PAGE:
Interview: 10 questions
1. Tell me something about your life and the educational background
I was born and raised in New York City, and while I originally wanted to be an actor, I became bored with the narrative of performing others’ roles and found myself more attracted to artmaking—specifically performative artmaking—as a means to explore the strategies of how we perform. I received my BFA in Fine Arts with a Concentration in Electronic Time-Based Media from Carnegie Mellon University in 2006, and I studied briefly abroad at the Nagoya Zokei University of Art & Design in Komaki City, Japan, in 2005. Currently I am an MFA candidate in the department of Art Studio at the University of California, Davis, and will graduate the program in June of 2011.
2. When, how and why started you filming?
I remember somewhat foggily shooting a video for my Cooper Union application for college in 2002, and I never really thought much of it, but it was probably the impulse behind my engagement with the form. At Carnegie Mellon, I became addicted to cinema and video making, and through both the program there and their connection with Pittsburgh Filmmakers (where greats such as Brackhage worked in the past) I was able to explore the form in both 16mm film, single-channel video, live-video performance, and multi-channel installation work.
3. What kind of subjects have your films?
My work centers around the exploration of strategies of performativity. In my work I record spontaneous performative actions (be they events, studio performances, records of action in an object, found footage excerpts, etc.) and edit them against elements derived from or pulled directly from popular culture. Often a type of violence emerges from the intersection of vastly different pieces of footage and material, and I believe that my work investigates this space of violence beneath popular culture as a way to engage my own personal violent or sinister desires within larger cultural frameworks.
4. How do you develop your films, do you follow certain principles, styles etc?
While I shoot footage that is relatively spontaneous, gestural or durational, I find that in the editing mechanism is where I truly develop my videos. Through this editing mechanism, I am able to articulate a new kind of performativity—excerpting specific moments in footage, repeating them over and over again, compositing them against other footage on top and in dialogue with them—a new kind of performativity that is a reflection of my own psychological space and physiological experience. I think that as an editing “style” the principles I use come somewhat out of the philosophy of soviet montage editing, but also from my experience with the television and the internet as figureheads of my generation.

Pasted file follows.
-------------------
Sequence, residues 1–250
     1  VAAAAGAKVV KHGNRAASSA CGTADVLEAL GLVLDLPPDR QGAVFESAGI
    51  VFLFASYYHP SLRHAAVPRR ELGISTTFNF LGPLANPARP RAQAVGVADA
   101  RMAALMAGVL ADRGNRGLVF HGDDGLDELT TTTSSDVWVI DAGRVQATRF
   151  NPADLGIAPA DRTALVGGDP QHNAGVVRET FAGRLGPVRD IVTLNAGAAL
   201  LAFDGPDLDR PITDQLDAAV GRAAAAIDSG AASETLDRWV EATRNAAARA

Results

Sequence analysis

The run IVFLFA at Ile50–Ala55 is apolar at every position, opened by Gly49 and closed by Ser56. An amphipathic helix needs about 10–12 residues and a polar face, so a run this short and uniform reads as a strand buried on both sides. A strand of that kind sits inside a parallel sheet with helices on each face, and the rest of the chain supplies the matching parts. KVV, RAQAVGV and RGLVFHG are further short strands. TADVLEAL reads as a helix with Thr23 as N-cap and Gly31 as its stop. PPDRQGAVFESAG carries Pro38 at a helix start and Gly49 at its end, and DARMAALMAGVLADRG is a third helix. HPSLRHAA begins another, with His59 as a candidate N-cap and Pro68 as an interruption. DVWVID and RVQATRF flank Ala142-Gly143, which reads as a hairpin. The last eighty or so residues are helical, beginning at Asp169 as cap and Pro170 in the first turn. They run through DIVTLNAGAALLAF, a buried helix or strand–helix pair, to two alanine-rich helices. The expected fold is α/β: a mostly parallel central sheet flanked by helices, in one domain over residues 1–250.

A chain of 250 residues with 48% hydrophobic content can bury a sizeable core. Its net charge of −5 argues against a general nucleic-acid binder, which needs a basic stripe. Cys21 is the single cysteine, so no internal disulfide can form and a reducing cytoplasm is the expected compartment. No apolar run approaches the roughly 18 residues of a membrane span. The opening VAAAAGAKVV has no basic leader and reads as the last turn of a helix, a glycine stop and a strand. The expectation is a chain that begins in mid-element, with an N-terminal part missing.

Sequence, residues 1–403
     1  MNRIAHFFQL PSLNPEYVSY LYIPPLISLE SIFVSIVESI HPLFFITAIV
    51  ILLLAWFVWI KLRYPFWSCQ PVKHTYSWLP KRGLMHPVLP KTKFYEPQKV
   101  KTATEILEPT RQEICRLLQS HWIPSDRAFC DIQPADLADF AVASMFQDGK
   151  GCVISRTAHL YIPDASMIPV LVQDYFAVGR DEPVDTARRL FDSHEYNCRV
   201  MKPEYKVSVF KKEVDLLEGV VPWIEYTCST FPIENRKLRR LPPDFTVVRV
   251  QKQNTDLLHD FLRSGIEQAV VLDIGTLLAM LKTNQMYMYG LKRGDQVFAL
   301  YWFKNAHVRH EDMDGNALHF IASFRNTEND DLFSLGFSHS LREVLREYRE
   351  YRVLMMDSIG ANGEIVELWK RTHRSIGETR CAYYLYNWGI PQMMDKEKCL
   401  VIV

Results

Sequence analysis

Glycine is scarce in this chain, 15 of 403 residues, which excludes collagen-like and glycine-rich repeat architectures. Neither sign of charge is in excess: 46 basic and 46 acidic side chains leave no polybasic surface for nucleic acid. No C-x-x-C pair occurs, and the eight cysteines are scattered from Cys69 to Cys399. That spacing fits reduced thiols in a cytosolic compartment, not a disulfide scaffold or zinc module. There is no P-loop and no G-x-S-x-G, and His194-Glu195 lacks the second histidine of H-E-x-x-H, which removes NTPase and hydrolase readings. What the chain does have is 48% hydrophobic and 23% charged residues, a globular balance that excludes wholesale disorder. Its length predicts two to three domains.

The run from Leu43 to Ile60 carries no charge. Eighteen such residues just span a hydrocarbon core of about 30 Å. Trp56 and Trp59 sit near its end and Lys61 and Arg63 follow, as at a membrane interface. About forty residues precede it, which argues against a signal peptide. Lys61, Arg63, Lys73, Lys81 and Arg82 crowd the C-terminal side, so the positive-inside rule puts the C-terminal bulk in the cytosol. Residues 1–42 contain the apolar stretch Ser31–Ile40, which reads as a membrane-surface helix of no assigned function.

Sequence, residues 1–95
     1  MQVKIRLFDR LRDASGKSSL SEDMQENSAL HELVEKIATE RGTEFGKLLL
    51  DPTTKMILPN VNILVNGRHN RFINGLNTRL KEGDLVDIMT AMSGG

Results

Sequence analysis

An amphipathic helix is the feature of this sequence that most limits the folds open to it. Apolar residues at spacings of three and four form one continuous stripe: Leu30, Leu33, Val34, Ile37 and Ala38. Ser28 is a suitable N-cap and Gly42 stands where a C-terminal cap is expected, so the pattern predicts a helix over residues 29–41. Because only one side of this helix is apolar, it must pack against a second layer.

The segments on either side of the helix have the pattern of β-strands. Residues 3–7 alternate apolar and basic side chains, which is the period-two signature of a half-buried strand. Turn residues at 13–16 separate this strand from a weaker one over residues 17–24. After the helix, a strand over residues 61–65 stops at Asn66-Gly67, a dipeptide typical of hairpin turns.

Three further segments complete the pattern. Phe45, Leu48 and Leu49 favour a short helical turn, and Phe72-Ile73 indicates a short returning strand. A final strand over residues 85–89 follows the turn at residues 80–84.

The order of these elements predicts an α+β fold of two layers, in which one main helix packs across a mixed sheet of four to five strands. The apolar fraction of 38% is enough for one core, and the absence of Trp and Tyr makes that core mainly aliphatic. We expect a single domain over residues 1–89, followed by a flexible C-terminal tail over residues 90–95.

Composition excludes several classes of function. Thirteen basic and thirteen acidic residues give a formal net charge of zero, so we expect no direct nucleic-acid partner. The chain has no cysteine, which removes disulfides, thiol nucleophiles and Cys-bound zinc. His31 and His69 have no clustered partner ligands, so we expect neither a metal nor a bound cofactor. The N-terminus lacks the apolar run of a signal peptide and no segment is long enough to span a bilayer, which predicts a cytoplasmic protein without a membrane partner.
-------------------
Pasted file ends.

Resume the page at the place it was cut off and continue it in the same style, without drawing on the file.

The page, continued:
5. Tell me something about the technical equipment you use.
I work on a MacBook Pro with a bootleg version of Final Cut Pro, and with Flash as well. I shoot primarily with a cheap sony consumer camera, but as I am now at UC Davis, I have access to more sophisticated cameras (a Panasonic DVX 1000, for example) that I sometimes shoot with. I tend to shoot, if possible, with more than one camera in my set-up because the nature of my filming is spontaneous, and I like to get as much material as possible to work with. I recently purchased a ProTools package to work with sound better, but I have yet to truly delve into that in full depth.
6. What are the chances of new media for the genre film/video in general and you personally?
I think that new media has the most possibilities for exploring complex ideas and frameworks and so I don’t find it so much a chance or a risk, but rather liberating. I see new media as the only form of making that gives one the ability to manipulate experience in complex and temporal ways—bringing a viewer and the maker into various positions of experience, and so in that way it is one of the most effective ways to address complexity in out contemporary cultural situation.
7. How do you finance your films?
I finance all my work independently, and it is relatively cheap to produce. I do have a spectacularly generous fellowship from the University of California Regents that has made my ability to spend almost all of my time focusing on my work—so I would say I am extremely fortunate.
8. Do you work individually as a video artist/film maker or do you work in a team?
if you have experience in both, what is the difference, what do you prefer?
I primarily work individually, but I am open to collaboration with the right people. My hand is so much a part of the making, the way I see things connecting, etc., and I never enter the work with any sort of plan. Thus collaboration has been extremely difficult for me in the past because I exercise so much control and manipulation in my work.
9. Who or what has a lasting influence on your film/video making?
I am influenced, of course, by the performance greats—Vito Acconci, Paul McCarthy, Chris Burden, Bruce Nauman of the 1960s/70s, Hollis Frampton, Paul Sharits, and other historically great makers, but I am finding myself drawn as well to contemporary artists like Ryan Trecartin, Shana Moulton (whom is a friend of mine), and Matthew Barney who engage performance and video in interesting and new ways.
10. What are your future plans or dreams as a film/video maker?
I see myself as an artist who works with video, not a video maker exclusively, and so I do work with objects and drawings and other materials that inform or extend my entire artistic practice. I see myself living and working around the globe, if possible, and probably teaching as some point in the future because I see that as a critical part of keeping my dialogue fresh and engaging.
Can works of yours viewed online besides on VideoChannel/SFC? Where?\